In the rural areas, the early telephones were party lines and entire districts were on the same line. All that had to be done to call anyone who was on the line was to ring their number. If a person's number was 12 it meant you had to make one long ring and then two short ones to alert them that someone wished to talk to them. If someone on a different line wished to talk to you, the call had to go through the operator and the operator connected the two lines and did the ringing. The results were the same whoever rang the phone. When one's number rang to alert him that he had a call, it also alerted everyone else on the line. If one had anything of a confidential nature to discuss, you didn't want to do it over the telephone.
The switchboard was manned 24 hours a day by operators and they usually knew everything that was going on in the area.
In 1968, the switchboard was moved from Young's to Ivy Johnson's home. The office was in her home until the conversion to dial service on Wednesday, July 8, 1970.
There were many Switchboard Operators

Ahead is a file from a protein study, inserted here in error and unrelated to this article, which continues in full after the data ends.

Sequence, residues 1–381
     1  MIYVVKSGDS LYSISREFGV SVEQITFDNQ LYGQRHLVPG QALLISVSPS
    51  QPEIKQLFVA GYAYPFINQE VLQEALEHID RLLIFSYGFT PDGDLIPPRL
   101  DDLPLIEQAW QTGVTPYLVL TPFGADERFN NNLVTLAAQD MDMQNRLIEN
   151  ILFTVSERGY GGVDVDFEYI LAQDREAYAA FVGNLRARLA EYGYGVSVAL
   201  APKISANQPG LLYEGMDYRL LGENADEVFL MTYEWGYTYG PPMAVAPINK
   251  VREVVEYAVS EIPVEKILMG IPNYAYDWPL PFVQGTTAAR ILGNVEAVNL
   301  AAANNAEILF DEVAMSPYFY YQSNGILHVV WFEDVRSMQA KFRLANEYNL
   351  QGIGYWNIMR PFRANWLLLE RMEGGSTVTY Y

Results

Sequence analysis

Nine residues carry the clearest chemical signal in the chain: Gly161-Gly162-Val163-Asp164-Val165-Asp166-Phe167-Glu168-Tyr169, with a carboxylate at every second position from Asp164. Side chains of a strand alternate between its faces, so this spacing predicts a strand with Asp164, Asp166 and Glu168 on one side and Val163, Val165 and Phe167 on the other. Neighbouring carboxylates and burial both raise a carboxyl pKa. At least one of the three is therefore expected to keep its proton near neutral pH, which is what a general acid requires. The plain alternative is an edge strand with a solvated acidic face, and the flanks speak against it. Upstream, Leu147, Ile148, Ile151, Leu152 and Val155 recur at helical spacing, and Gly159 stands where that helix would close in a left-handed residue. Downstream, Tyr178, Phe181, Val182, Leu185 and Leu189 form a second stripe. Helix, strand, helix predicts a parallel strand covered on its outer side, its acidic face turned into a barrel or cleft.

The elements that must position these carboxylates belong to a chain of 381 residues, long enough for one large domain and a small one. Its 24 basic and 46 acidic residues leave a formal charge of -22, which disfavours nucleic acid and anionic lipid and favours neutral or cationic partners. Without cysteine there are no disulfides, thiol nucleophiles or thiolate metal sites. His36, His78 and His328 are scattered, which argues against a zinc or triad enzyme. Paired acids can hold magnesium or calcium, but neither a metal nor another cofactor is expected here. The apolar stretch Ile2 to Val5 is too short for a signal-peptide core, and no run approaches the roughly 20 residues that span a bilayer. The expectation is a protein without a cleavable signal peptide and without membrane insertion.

over the years some of whom were:
Sadie Young, Exelda Caissie (Emde), Belroy Newton (Wirtz),
Mrs. Glen Anderson, Ann Wopnford, Helen Snell, Rita Blanchette,
Myrtle Bale, Rita Bouchard (Olson), Yvette Bouchard, Lorna Bale,
Priscilla Pister, Marie Rekve (Sawatzky), Helen Ausland,
Lois Kennedy (Cooper), Elsie Vaudreuil, Gladys Forbes, Rosie Skilliter,
Doreen Potts, Marg Cookman, Phyllis Gilbert, Martha Gillette (Breker),
Ruth Buckingham and Ivy Johnson.
Johnnie at age 5.
In 1999, Sasktel expanded its cellular service to four more communities, one being Big River.
In 2002, Big River analogue cellular service was enhanced by having access to digital cellular service. This improved cell clarity and enhanced privacy.